• by Weatherlawyer (2596357) on Saturday April 28, 2012 @03:17PM (#39833143) Journal

    Zeroes started losing when the Thach Weave was developed (which essentially involved avoiding getting killed until your wingman could ruin the Zero pilot's whole day). They continued to lose for the rest of the war, since American pilots fought in pairs for the whole war.

    Thatch's Weave allowed the US pilots to survive.

    The Zero had no armour, no self-sealing tanks, none of those things that enhanced your ability to survive a fight if your opponent had a clue.

    Including despite orders to wear them, paracchutes.

    They just weren't necessary.

    the Zero was a superb fighter for fighting one-on-onje but not so useful against modern planes of the era.

    Note, by the way, that saying that the USA only started winning after "Japan's experienced pilot cadre har their heart cut out" ignores the fact that the only way to "cut the heart out" of an "experienced pilot cadre" is to shoot them down in job lots. Which we were doing pretty much constantly after Midway.

    The Zero remained superior to all marques until lack of development made it a loser. They put larger air cooled engines in but by then the British had shown the Yanks how to use the Corsair. Several other new models also made an appearance at that time.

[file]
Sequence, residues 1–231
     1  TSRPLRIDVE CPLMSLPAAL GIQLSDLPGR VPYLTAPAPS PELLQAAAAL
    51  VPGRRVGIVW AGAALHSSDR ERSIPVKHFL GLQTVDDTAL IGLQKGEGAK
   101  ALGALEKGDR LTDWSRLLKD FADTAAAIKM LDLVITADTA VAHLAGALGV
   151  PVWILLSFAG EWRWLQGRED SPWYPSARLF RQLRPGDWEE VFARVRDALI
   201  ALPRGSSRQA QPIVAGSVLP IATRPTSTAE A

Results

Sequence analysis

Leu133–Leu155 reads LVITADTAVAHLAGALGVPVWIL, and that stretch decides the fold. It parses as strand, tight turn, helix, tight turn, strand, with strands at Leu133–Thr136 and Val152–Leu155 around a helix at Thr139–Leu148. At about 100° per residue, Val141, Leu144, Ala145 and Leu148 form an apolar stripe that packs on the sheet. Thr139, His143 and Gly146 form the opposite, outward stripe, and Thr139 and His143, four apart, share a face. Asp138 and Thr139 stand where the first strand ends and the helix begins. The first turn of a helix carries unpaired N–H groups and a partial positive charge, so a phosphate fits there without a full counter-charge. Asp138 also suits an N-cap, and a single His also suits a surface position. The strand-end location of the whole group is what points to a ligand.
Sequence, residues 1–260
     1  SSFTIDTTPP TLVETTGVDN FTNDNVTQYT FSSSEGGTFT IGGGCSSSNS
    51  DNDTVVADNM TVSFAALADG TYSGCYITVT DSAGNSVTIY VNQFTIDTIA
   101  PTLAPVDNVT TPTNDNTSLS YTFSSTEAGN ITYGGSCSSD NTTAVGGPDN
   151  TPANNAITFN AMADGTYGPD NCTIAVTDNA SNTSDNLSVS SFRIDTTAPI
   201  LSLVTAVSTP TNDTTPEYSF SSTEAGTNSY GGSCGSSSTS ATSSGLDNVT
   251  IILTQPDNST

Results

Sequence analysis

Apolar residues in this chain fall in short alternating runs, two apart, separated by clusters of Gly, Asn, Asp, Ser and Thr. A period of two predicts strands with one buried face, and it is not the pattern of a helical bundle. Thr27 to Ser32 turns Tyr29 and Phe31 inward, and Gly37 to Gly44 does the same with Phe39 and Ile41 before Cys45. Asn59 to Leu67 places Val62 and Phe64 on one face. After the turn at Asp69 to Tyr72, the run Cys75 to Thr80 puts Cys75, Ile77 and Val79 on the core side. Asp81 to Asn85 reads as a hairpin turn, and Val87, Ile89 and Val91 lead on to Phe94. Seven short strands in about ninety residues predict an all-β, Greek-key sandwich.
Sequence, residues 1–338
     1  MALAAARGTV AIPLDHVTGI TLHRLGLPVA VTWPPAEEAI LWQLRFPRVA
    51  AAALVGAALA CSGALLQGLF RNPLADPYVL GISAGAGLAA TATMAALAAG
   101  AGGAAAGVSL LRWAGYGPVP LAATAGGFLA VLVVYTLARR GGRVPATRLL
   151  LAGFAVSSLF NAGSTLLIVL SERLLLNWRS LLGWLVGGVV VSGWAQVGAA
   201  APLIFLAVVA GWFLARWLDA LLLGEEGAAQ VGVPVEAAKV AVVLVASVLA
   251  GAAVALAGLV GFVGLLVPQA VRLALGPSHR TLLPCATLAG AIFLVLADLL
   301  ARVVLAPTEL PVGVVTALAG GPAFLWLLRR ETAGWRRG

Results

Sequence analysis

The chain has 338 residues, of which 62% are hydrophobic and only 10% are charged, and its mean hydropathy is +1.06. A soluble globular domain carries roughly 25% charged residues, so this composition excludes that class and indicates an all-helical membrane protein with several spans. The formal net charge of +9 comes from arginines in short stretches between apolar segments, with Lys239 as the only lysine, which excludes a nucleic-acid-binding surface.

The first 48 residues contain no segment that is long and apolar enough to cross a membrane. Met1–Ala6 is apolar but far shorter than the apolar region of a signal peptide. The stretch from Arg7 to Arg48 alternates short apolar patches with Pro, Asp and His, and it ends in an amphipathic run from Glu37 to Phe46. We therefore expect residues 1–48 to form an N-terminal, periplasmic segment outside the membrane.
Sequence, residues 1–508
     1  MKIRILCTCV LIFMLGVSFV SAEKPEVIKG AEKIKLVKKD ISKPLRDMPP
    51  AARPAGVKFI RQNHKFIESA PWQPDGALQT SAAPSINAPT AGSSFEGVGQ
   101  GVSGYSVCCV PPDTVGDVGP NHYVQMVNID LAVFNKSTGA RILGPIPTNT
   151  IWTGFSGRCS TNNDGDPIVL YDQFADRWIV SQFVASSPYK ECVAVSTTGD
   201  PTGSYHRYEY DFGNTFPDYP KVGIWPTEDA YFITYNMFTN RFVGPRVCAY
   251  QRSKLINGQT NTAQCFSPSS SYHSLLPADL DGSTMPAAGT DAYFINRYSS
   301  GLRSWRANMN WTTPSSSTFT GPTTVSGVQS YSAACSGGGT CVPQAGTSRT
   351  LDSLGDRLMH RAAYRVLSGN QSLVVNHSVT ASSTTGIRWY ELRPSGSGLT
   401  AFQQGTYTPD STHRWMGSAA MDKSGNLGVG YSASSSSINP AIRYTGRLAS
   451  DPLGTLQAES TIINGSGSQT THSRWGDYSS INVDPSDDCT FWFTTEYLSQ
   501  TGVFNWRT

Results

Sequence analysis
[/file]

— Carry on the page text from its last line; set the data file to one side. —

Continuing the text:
I'd like to have seen what a zero would have performed like with a Merlin in it.

    Note that even as early as Guadalcanal, Wildcats (by no means a first-line fighter) were capable of engaging a larger number of zeroes and winning.

    The US pilots in China learned how to deal with the Japanese fighters before 1941:

    "1. Don't get involved with them.

    2. If you do get involved with them, don't get involved with them."

  • by Jeremiah Cornelius (137) on Saturday April 28, 2012 @08:12PM (#39834355) Homepage Journal

    And the 3, that were common before Mk IX. The Mk VIII had four, but cam later - as the IX began with a modification of existing Vc on the production line at Castle Bromwich.

The flow chart is a most thoroughly oversold piece of program documentation. -- Frederick Brooks, "The Mythical Man Month"